Samsung Galaxy S10 Can Be Unlocked With Any Fingerprint

Samsung has admitted that the Galaxy S10 smartphone has a security bug that allows non-registered access to the device with

Big tech’s reputation for dropping the ball when it comes to security just got even worse, as Samsung announced that a bug in the Galaxy S10 will allow anyone to access the smartphone with any fingerprint.

The tech industry has had its fair share of security snafus in recent years. Between consistently failing to protect the personal information of their users to rushing products to market without the proper security checks, there’s no denying the tech industry is stuck in a cycle of bad press due to their inability to make security a priority.

Now, Samsung has admitted to a serious security bug in the Galaxy S10, which gives unfettered access to the flagship device to pretty much anyone with a hand to hold it.

What’s the Security Bug?

Earlier this week, the Sun received word from a reader that she was able to unlock her Samsung Galaxy S10 with any fingerprint pressed to the screen of the device. Apparently the device was equipped with a third-party screen protector, which was not licensed by Samsung and causes the security bug to be quite apparent.

The South Korean company explained in their customer support app that screen protectors that come with silicon phone cases can cause it to register as a fingerprint, giving access to whoever pushes their finger on the device. Samsung admitted to the security bug on Thursday, with plans to get it fixed, at some point.

When Will the Bug Be Fixed?

Today, Samsung gave a statement to Reuters, stating that the company is aware of the issue, and has plans to fix it as soon as possible.

“Samsung Electronics is aware of the case of the S10’s malfunctioning fingerprint recognition and will soon issue a software patch,” the company told Reuters in a statement.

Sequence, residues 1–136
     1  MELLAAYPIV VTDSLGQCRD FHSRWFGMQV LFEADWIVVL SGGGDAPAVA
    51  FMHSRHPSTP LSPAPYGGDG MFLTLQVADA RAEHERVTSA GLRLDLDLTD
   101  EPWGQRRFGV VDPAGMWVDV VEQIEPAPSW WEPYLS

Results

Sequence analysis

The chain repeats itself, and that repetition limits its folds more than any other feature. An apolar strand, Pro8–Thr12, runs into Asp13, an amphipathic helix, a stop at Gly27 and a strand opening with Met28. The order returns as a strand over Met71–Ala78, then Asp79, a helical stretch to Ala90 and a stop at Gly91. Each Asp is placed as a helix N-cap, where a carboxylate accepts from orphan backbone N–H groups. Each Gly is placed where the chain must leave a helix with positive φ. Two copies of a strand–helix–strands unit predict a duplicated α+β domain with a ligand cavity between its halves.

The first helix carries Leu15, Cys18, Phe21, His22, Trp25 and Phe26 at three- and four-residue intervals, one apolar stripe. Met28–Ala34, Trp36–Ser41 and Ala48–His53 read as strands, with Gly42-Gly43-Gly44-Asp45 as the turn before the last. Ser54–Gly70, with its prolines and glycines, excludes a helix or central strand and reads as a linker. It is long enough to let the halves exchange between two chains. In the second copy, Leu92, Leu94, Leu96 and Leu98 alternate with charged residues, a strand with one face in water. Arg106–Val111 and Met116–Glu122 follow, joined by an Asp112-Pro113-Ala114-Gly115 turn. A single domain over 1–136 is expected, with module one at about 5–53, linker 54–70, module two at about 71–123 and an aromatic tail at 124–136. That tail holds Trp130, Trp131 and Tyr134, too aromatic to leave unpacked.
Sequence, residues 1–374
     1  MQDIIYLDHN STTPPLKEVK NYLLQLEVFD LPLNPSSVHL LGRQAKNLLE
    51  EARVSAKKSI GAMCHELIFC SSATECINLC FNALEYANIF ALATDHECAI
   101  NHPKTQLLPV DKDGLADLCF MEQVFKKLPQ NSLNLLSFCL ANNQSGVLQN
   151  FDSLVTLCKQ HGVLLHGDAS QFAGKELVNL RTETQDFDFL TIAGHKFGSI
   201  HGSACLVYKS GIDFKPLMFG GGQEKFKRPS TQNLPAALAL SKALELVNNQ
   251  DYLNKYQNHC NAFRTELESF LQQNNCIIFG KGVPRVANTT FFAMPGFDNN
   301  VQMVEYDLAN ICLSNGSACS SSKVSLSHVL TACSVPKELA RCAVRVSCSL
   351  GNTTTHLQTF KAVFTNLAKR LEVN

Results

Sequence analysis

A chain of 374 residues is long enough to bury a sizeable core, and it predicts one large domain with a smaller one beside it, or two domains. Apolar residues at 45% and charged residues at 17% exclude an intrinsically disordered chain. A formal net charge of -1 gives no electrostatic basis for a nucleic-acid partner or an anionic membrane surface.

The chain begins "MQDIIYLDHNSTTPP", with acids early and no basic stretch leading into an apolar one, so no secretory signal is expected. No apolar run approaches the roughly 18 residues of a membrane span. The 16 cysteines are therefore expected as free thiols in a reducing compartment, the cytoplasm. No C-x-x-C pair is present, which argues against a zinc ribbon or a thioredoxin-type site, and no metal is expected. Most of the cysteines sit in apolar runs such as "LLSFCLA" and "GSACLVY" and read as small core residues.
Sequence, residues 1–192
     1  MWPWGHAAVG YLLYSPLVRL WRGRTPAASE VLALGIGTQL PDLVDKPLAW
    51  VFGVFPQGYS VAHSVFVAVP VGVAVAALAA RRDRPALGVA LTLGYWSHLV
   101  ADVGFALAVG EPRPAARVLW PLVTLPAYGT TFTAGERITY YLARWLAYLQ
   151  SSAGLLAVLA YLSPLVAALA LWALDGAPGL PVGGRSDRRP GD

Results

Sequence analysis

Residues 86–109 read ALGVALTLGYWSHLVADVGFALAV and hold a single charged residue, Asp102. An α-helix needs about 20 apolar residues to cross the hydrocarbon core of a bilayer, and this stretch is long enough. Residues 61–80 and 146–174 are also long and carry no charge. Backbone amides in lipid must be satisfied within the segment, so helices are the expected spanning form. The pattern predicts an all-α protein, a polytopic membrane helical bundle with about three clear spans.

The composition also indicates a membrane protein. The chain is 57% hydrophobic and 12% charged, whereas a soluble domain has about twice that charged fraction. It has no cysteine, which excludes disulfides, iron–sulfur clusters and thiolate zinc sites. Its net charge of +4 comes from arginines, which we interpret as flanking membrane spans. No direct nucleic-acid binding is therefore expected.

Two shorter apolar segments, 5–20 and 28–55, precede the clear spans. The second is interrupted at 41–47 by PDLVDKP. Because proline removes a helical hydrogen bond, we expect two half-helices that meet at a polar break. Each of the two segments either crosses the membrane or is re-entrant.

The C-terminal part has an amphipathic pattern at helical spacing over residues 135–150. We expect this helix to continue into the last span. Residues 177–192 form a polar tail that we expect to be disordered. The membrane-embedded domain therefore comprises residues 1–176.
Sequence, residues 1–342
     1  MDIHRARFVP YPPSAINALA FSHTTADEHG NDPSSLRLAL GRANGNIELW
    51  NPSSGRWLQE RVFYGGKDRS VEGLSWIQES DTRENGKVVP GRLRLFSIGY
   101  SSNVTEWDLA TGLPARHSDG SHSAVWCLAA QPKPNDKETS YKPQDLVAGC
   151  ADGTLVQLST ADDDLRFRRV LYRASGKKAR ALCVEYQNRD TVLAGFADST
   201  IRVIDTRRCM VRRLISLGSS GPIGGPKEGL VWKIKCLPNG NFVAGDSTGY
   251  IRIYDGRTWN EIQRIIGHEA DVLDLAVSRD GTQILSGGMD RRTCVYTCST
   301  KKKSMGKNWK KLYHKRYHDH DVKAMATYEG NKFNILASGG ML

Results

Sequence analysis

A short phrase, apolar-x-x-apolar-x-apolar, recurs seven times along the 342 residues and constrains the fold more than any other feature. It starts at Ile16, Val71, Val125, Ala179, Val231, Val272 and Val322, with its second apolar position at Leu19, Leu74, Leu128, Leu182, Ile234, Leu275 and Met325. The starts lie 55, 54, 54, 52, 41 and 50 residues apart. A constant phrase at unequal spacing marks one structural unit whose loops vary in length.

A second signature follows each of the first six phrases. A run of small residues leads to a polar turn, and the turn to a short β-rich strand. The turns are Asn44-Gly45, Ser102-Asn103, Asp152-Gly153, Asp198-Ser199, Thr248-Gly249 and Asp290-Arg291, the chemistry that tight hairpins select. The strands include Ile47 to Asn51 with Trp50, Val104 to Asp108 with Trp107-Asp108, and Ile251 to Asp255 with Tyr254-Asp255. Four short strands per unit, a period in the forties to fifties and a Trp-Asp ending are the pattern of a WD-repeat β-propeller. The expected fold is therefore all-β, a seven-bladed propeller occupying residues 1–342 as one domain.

Naturally, there’s no specific timeline for when the security bug will be fixed, as Samsung has only been made aware of it this week. However, the bug is apparently serious enough to warrant warnings from South Korean banks, as the online-only KaKao Bank has warned users to disable the fingerprint sensor feature until the issue has been resolved.

How the Heck Does This Happen?

Samsung is now becoming notorious for rushing products to market with serious flaws, as the whole Galaxy Fold ordeal showed us earlier this year, and the reasoning for it is built into their company culture.

“Samsung believes that it has a real need for ‘whizz bang’ engineering that makes the news and gets it into front page of newspapers,” said Jon Honeyball, consumer tech expert, in an interview with

This is all the more troubling compared to the rest of the industry, which is more than happy to pushback innovative ideas until they get them right. The gesture-control and Face Unlock for the Pixel 4 has been in the works for five years, and can now apparently unlock your phone even when your eyes are closed. Apple scrapped their ambitious wireless charging plans when they couldn’t get it right. And that, as Samsung has to learn sooner rather than later, is the key to keeping users in the long run.

“The risk works when you get it right. It is a real issue when you get it wrong,” said Honeyball.

Will Samsung learn from this mistake and build tech that works before releasing it to the public? Not likely. Even the Galaxy Fold is already relaunched with a few issues, so Samsung is clearly happy to be the bug-ridden first-to-market company rather than one that’s actually concerned with security.

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Written by:
Conor is the Lead Writer for For the last six years, he’s covered everything from tech news and product reviews to digital marketing trends and business tech innovations. He's written guest posts for the likes of Forbes, Chase, WeWork, and many others, covering tech trends, business resources, and everything in between. He's also participated in events for SXSW, Tech in Motion, and General Assembly, to name a few. He also cannot pronounce the word "colloquially" correctly. You can email Conor at
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